Viola Desmond, a Canadian civil-rights hero, was honored today with the announcement that her face would appear on the $10 bill. She beat Rosa Parks to the punch by nine years, in 1946, when she insisted on sitting in the “white” area of a Nova Scotia movie theatre (i.e. the better, pricier seats down on the main floor, instead of the balcony, where black moviegoers were supposed to sit). The difference in ticket prices? A whopping one cent. She got dragged out by violent police officers, and tried, and fined for “defrauding the government”. She paid her $20 fine promptly, thus proving that the whole nasty episode wasn’t about the difference in ticket prices at all. You’d have to be blind not to see the racism there, eh? Viola certainly could, and that’s why she fought back. Her court challenge resulted in the dismantling of racial-segregation laws all over Canada.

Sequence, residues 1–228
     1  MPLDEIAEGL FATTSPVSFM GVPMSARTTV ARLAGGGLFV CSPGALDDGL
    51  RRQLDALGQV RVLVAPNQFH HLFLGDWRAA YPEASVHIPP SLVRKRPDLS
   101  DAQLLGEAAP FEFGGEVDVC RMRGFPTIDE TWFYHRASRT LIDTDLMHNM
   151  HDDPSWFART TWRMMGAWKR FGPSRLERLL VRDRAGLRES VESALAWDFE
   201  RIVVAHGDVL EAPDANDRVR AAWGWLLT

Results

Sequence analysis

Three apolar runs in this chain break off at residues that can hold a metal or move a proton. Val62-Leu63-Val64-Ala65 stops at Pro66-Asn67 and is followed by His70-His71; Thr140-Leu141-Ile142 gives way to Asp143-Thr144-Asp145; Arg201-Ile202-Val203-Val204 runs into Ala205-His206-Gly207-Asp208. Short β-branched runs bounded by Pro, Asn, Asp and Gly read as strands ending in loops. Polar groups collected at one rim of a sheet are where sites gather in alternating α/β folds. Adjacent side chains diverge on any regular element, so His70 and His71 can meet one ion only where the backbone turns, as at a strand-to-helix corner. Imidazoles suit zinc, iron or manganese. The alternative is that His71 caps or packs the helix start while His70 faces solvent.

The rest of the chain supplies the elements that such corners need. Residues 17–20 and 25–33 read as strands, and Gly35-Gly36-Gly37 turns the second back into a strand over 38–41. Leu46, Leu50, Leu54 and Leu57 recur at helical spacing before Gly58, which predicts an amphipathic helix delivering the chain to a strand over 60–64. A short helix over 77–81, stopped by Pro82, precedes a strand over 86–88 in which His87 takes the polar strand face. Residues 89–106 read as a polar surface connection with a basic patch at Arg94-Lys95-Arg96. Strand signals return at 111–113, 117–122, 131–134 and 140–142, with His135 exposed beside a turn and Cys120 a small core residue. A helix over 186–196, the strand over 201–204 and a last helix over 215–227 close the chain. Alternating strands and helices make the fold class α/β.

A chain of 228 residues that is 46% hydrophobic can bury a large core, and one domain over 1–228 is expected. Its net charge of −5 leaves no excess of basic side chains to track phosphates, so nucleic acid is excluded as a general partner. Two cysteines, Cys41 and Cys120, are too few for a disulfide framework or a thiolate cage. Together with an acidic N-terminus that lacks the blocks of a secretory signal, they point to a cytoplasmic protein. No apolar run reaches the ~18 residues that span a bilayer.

But even before she challenged the segregation of movie theatres, Viola was already a fighter against racism. As the report shows, she had to cross the color line in order to be able to open her own beauty salon; most hairdressing schools at the time barred all black trainees. Viola saw an unfilled niche in the field, and became a teacher of other black beauticians, and eventually the owner of a hairdressing school, as well as a cosmetics manufacturer specializing in products for black clients. So it hardly comes as a surprise that she had the spirit to fight for her rights rather than just quietly let racial segregation pass unchallenged. After all, Canada had just fought and won a war against fascism overseas. Why let it go on happening at home?